USPSTF recommends anxiety screening for children
As an adolescent mental health crisis grows in the United States, the US Task Force on Preventive Services (USPSTF) has released a new draft guideline recommending that all children ages 8 to 18 be screened for anxiety.
A growing adolescent mental health crisis
Corresponding CDC According to data, the percentage of high school students reporting persistent feelings of sadness or hopelessness increased from 27.1% in 2004 to 44.2% in 2021. This increase was also seen among teens of all genders, races, ethnicities, and more .
“Increasing sadness among teenagers is not a new trend, but the acceleration and extension of a trend that clearly began before the pandemic,” said Laurence Steinberg, a psychologist at Temple University. However, he added: “We should not ignore the pandemic either. The fact that Covid appears to have worsened the mental health of teenagers offers clues as to what is really driving the rise in sadness.”
USPSTF recommends screening children for anxiety
To address the growing mental health crisis in children and adolescents, the USPSTF on Tuesday released draft guidelines recommending that all children ages 8 to 18 be screened for anxiety — one of the most common mental health disorders in the Childhood.
According to the working group, untreated anxiety can lead to physical impairments such as headaches and abdominal pain in the short term and to poor academic performance and developmental delays in the long term. In addition, a report by Institute for Children’s Spirit found that childhood anxiety disorders were associated with an increased risk of depression, anxiety, behavior problems, and substance use disorders later in life.
Martha Kubik, USPSTF member and professor at the School of Nursing at George Mason Universitysaid children should ideally be screened at their annual pediatric check-ups, but clinicians should also screen them at other visits whenever possible, even if they aren’t told any signs or symptoms.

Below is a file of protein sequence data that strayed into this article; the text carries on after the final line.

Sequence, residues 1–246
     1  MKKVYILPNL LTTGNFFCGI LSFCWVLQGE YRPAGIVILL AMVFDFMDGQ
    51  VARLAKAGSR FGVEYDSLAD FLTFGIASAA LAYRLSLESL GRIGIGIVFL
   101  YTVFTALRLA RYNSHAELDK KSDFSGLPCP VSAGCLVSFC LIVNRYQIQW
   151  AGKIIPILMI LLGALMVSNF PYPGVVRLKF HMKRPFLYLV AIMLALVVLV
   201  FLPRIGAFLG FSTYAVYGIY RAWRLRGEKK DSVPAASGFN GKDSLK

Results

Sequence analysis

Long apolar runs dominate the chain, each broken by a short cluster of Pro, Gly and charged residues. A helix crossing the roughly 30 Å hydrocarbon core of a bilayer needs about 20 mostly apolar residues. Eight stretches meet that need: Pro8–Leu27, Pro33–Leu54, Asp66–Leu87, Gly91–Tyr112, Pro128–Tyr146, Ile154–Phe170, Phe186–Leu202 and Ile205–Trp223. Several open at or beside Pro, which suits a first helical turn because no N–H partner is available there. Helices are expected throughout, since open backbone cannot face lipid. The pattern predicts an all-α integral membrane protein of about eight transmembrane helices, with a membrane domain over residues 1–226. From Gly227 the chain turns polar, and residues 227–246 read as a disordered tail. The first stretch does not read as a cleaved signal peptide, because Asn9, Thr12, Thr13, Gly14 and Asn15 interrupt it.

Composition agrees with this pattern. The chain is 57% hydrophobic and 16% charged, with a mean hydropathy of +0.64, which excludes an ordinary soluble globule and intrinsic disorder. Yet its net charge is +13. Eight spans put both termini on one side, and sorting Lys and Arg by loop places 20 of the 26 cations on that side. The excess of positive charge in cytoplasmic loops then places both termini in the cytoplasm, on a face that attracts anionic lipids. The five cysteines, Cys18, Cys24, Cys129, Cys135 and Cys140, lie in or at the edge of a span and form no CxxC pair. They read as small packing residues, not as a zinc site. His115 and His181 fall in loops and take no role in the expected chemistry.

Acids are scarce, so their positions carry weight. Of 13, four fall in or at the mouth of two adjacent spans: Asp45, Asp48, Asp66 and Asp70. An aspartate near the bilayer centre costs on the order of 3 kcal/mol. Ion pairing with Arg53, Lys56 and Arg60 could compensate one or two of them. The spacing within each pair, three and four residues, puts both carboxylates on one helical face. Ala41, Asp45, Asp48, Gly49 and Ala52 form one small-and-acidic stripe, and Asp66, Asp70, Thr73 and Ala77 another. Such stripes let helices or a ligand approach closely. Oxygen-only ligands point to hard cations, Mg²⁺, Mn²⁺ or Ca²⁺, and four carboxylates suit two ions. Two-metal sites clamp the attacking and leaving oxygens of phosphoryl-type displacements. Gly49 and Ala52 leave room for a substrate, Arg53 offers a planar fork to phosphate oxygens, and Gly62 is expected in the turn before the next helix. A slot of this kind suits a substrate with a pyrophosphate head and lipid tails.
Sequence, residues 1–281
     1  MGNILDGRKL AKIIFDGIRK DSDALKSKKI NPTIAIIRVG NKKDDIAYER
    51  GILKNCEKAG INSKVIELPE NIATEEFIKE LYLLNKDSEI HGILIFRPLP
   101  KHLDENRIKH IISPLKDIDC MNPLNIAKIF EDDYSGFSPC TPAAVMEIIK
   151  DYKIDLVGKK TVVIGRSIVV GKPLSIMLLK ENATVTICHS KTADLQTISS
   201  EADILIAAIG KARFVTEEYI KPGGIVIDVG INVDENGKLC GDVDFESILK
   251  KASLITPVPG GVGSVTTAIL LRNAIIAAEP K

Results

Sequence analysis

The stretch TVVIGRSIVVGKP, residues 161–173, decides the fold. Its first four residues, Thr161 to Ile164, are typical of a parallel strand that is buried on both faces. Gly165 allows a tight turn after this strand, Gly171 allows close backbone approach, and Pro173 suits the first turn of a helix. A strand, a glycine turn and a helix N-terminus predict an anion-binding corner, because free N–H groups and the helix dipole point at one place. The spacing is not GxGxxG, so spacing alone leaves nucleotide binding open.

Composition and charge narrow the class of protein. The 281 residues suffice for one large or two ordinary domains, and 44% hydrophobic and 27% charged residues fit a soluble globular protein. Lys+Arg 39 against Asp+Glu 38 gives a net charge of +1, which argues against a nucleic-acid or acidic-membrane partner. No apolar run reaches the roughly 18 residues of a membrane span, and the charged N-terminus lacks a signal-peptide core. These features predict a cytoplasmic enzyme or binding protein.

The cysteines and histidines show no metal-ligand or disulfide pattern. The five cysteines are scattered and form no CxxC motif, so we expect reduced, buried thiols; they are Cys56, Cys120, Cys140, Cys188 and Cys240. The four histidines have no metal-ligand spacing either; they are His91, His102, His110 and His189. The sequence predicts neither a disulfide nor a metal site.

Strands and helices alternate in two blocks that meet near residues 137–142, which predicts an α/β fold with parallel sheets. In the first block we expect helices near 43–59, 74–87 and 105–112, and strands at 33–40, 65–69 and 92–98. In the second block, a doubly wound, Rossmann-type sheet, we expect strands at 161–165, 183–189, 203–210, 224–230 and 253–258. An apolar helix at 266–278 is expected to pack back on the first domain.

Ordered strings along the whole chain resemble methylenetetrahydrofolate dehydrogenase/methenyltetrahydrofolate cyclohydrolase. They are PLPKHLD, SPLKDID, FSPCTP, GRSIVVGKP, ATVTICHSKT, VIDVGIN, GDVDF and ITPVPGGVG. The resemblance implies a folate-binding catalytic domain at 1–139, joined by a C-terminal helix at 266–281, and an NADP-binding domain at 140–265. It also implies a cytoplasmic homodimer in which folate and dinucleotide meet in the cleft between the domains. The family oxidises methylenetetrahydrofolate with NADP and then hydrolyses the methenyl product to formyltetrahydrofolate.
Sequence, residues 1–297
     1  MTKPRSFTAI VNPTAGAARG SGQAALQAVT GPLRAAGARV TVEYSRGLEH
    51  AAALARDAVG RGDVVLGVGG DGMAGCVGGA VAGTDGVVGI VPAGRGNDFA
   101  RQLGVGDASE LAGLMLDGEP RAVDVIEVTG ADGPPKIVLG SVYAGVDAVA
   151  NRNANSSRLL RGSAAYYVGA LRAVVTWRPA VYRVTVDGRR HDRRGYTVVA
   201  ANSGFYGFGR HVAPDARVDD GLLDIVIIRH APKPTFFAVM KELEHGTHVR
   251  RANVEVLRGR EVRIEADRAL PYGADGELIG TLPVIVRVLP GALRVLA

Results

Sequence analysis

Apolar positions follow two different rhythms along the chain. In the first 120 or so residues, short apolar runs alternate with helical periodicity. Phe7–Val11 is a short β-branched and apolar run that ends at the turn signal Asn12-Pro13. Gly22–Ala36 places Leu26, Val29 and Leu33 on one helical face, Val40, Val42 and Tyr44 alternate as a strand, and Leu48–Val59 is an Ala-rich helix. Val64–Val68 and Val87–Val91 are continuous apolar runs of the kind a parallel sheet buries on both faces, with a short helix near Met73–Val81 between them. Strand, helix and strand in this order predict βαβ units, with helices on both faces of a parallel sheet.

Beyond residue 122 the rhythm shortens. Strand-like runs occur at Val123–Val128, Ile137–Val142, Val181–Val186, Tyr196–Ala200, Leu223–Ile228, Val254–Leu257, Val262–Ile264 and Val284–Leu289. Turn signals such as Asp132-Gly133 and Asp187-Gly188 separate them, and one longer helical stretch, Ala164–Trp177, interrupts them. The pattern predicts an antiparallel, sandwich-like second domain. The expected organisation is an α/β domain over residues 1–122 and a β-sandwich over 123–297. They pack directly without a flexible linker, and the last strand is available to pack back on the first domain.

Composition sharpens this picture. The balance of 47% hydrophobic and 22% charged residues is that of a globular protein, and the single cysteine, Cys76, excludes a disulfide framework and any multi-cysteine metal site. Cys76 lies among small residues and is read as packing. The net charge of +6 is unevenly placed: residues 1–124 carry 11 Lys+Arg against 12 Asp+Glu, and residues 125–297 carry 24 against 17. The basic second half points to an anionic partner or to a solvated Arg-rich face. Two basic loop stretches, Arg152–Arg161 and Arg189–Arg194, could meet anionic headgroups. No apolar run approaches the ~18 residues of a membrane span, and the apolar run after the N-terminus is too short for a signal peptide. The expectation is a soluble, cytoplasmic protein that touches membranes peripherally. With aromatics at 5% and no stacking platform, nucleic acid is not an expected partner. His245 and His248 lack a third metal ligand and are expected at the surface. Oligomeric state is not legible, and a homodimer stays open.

“It’s critical to be able to intervene before a life is disrupted,” she said.
Stephen Whiteside, a child psychologist and director of the Pediatric Anxiety Disorders Clinic In the Mayo Clinicsaid it was “really important” to screen more children for anxiety because “[m]Most children who need mental health care don’t get it.”
Overall, if more children and young people in need are identified, it “could begin to put pressure on many of the decision-makers and people who hold the purse strings,” said Carol Weitzman, the co-director of the Autism Spectrum Center at the Boston Children’s Hospital and a spokesman for American Academy of Pediatrics. “We must shine a spotlight on the mental health needs of children, youth and adolescents in this country and advocate for better access to mental health care.
What is driving this increase?
writing for The AtlanticDerek Thompson outlines four factors that may be driving the current adolescent mental health crisis, including:
1. Social Media Usage: For example, research has found that about a third of teenage girls who use Instagram said the app made them feel worse, while other research suggested this University of Cambridge found that social media was strongly associated with poorer mental health in girls aged 11 to 13 and boys aged 14 to 15.
2. Decreased Social Interaction: Decreased social interaction, particularly during the pandemic, likely affected feelings of loneliness and sadness in adolescents, Thompson writes. For example a CDC The report found that teens who didn’t feel close to or connected with people at school during the pandemic were more likely to report poor mental health and persistent feelings of sadness and hopelessness.
3. An Increasingly Stressful World: Fears about the pandemic, climate change, and other global issues likely increased teens’ feelings of stress, which then had a negative impact on their mental health, Thompson writes. “I think it’s an accumulation effect,” Steinberg said. “Every day it feels like there’s something else. It creates a very dark narrative about the world.”
4. Ineffective Parenting Strategies: Experts say there has been a rise in “accommodative” parenting over the years, with parents removing anything that might cause their children anxiety or discomfort – while children devote fewer activities to activities that give them a sense of competence, such as driving a car or doing chores . So, unless children learn to let go of negative emotions in the face of inevitable stressors or ailments, they will be more likely to experience anxiety as they get older. (Thompson, The Atlantic, 4/11; Hughes, New York Times, 4/6; caron, New York Times, 4/12; Prieb, The hill4/12)